These foxes are made of wool and wire. This craft is called sculptural felting or needle felting. Wool fibres have microscopic barbs that grab onto each other which is why sweaters felt and shrink if you throw them in the washing machine.
With clean carded wool that looks a bit like fibreglass insulation I pull off thin strips to wind around the wire armatures. Then stab stab stab with a barbed needle to push the outer fibres inward where they grab onto the insides. Then add more wool and keep sculpting. The more I stab the firmer the piece gets.
I'm learning this art form from artist Sara Renzulli who provides fun and free tutorials on her website. Most of these creatures start out as her designs but each one turns out quite differently than those of others following the same tutorials. I have been needle felting sporadically for 2 years.
Here is a fox from start to finish.
First the raw materials.
Then a wire armature. It is wound with pipe cleaners to make the wool hang on.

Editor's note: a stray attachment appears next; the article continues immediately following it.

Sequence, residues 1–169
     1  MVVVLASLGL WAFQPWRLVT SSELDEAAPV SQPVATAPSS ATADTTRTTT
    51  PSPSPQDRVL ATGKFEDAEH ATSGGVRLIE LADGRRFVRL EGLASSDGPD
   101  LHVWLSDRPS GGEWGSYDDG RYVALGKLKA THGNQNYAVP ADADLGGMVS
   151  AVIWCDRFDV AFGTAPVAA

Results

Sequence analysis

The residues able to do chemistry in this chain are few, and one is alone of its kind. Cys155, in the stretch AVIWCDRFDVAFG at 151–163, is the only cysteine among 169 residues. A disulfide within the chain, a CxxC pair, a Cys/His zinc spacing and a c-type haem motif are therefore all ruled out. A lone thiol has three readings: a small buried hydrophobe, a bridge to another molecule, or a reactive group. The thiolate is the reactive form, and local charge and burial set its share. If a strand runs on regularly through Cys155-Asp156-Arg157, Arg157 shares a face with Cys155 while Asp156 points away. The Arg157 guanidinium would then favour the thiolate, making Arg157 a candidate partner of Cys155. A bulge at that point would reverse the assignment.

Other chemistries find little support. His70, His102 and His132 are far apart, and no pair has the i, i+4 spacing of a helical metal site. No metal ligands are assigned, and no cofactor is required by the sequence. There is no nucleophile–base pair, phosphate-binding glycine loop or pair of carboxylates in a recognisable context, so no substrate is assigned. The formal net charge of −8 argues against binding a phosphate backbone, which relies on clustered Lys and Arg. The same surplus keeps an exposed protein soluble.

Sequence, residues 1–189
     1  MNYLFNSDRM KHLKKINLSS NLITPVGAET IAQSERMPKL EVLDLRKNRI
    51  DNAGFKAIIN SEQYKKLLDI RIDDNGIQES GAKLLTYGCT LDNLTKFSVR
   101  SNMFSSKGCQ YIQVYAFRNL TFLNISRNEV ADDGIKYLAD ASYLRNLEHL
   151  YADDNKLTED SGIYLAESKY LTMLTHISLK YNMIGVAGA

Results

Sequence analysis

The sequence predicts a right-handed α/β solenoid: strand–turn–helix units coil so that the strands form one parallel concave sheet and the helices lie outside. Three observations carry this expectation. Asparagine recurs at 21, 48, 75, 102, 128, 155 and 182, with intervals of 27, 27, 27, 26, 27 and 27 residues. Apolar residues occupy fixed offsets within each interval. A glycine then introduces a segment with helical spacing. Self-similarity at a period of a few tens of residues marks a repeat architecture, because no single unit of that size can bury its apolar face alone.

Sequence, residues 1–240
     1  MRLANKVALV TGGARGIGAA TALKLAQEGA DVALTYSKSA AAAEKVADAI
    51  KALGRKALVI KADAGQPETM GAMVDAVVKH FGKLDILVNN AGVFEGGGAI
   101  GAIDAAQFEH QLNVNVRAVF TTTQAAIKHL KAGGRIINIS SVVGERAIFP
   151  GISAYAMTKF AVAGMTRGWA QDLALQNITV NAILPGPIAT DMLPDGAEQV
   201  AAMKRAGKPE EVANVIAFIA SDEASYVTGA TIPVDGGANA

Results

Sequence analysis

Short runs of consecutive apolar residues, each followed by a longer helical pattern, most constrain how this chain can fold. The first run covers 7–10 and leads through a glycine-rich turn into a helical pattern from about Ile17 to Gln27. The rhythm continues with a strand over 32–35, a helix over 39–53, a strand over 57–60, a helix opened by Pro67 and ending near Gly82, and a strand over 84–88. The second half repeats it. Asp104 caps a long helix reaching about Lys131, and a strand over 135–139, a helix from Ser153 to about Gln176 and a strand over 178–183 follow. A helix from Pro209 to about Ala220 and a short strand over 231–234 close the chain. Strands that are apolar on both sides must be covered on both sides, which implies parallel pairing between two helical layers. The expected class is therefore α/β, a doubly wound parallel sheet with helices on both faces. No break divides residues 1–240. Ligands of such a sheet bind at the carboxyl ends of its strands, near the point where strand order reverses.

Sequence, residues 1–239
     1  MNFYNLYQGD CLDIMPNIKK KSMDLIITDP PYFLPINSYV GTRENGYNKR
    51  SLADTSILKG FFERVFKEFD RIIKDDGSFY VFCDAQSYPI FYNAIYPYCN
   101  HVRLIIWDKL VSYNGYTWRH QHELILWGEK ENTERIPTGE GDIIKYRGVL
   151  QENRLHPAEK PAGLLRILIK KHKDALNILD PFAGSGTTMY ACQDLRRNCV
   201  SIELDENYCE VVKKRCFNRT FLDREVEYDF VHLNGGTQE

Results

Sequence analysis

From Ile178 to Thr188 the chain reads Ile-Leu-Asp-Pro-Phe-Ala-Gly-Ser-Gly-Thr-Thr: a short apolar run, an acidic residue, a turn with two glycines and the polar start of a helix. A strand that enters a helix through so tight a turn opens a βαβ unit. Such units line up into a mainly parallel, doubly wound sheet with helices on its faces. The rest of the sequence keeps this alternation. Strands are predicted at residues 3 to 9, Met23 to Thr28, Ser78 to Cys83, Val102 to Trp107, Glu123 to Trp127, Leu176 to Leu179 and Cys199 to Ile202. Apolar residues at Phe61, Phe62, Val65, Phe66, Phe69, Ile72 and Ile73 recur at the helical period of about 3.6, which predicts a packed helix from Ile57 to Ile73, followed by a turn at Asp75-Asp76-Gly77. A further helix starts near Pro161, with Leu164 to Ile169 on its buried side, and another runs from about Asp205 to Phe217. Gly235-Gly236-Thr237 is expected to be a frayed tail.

These are felting needles with tiny barbs at the tips. (Pictured here with a human tooth for scale.)
Wool is wound around the armature and stabbed with a barbed needle.
More fibre is added to give shape and texture. Every breed of sheep has wool with different characteristics and several types are used in one sculpture. The coloured wool is added last.
The shapes for the face are formed separately on the felting surface and then stabbed into the head and sculpted with the needle. The felting surface is foam so I can stab into that without breaking needles or jabbing my hand.
And Voila! Foxes!
Jay Rainey is an artist living on an island in British Columbia, Canada.